The COVID-19 pandemic has the potential to rock global food security on a scale and speed never seen before. As a result, USSEC is remaining fully engaged with international food providers to mitigate food insecurity. To that end, according to the Food and Agriculture Organization (FAO), Pakistan’s aquaculture industry has seen consistent year over year growth for nearly 20 years—making it a ripe target for supporting the country’s food security requirements. Following USSEC programming and advice, a Pakistani aquaculture company has successfully installed and commenced operations for the country’s third set of In Pond Raceway System (IPRS) technology, a production system designed to intensify and optimize fish production. USSEC introduced the technology in Pakistan through training seminars and subject matter experts. From there, USSEC targeted two early adopters with whom to build pilot projects in 2019. Using lessons learned from the pilot projects, Jarwar Farm, located south of Punjab Province, became the third adopter of the USSEC-supported technology to install the system in their operations. The government of Pakistan lifted the restrictions imposed on construction and allied industries due to COVID-19 on April 16, allowing them to start their construction work under strict protective measures. With this news, the project was able to greenlight groundbreaking and finish construction.
The original pilot projects also acted as experimental demo sites, as soy-based floating feed is promoted to show the potential earnings and efficiencies that can be gained by using the technology. In 2017-18, the aquaculture sector in Pakistan produced approximately 185 metric tons (MT) of fish in pond systems, and is currently producing approximately 200 MT. The impact on U.S. Soy will be in the increased production efficiencies of IPRS, which will create additional demand for U.S. soybean meal, used at a 15 to 25% inclusion rate for the floating fish feed. IPRS is a step toward the modernization of Pakistan’s aquaculture sector, which would help to enhance the production efficiency in the sector and ultimately will play a vital role to create growth in demand for U.S. Soy.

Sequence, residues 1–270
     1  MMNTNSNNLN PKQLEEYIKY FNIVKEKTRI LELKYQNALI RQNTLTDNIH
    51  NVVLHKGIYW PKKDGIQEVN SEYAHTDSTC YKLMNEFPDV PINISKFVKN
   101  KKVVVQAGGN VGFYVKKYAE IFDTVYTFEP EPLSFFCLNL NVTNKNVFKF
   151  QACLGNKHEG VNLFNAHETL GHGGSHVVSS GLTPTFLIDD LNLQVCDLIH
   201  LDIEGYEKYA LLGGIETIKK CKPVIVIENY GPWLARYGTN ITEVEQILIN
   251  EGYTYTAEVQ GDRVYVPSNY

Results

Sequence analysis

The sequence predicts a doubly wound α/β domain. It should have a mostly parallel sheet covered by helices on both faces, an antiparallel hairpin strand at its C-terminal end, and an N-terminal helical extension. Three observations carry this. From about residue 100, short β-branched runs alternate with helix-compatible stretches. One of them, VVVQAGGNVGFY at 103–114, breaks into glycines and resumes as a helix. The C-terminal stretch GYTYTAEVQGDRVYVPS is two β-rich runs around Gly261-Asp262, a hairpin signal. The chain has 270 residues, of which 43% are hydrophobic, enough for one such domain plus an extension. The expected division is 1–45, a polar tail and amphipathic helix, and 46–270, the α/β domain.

USSEC was able to markedly demonstrate a myriad of efficiency gains, including:
- Improved fish production per unit area, 6 to 8 times more than the conventional culture method (75 to 150 kg per cubic meter)
- Reduction in net production cost per unit of fish produced
- Decreased feed conversion ratios (FCR) of nearly 1: 1.1 to 1.4
- 100% fish harvest rate without water discharge from pond
- Increased biosecurity, with reduced disease prevalence and pharmaceutical needs
- Improved nutrient management, with 40% of manure being able to be used for fertilizer
- Minimal water discharge for environmental protection and sustainability of natural resources
- Harvest procedures and cost of labor for fish movement are simplified and greatly reduced
“The owners of Jarwar Farm visited the USSEC demo site and were very impressed with the results,” said Kamran Maqsood, owner of Punjab Fish Farm, an early adopter of the technology and design/construction consultants on the project. “As a result, they decided to install their own IPRS system to enhance production capacity and efficiency.” Initially starting at five cells, Jarwar now intends on installing ten more soon.
“I think this project exemplifies the USSEC spirit from beginning to end,” says Kevin Roepke, USSEC Regional Director – South Asia. “It started with technical trainings and seminars, evolved to an experimental pilot project and now is really beginning to scale. Even during the coronavirus pandemic and a construction cessation, we are still pushing science-based technologies forward to advance global food security.”